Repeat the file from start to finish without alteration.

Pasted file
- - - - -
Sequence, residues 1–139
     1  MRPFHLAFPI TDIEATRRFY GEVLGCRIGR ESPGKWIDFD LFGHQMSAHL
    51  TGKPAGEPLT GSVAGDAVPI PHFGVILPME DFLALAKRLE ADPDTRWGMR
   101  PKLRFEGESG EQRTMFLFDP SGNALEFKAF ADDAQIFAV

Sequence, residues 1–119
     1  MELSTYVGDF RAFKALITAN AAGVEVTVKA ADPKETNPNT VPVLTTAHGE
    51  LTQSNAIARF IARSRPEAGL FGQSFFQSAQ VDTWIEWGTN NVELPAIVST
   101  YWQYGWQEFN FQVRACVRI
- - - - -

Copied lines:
Sequence, residues 1–139
     1  MRPFHLAFPI TDIEATRRFY GEVLGCRIGR ESPGKWIDFD LFGHQMSAHL
    51  TGKPAGEPLT GSVAGDAVPI PHFGVILPME DFLALAKRLE ADPDTRWGMR
   101  PKLRFEGESG EQRTMFLFDP SGNALEFKAF ADDAQIFAV

Sequence, residues 1–119
     1  MELSTYVGDF RAFKALITAN AAGVEVTVKA ADPKETNPNT VPVLTTAHGE
    51  LTQSNAIARF IARSRPEAGL FGQSFFQSAQ VDTWIEWGTN NVELPAIVST
   101  YWQYGWQEFN FQVRACVRI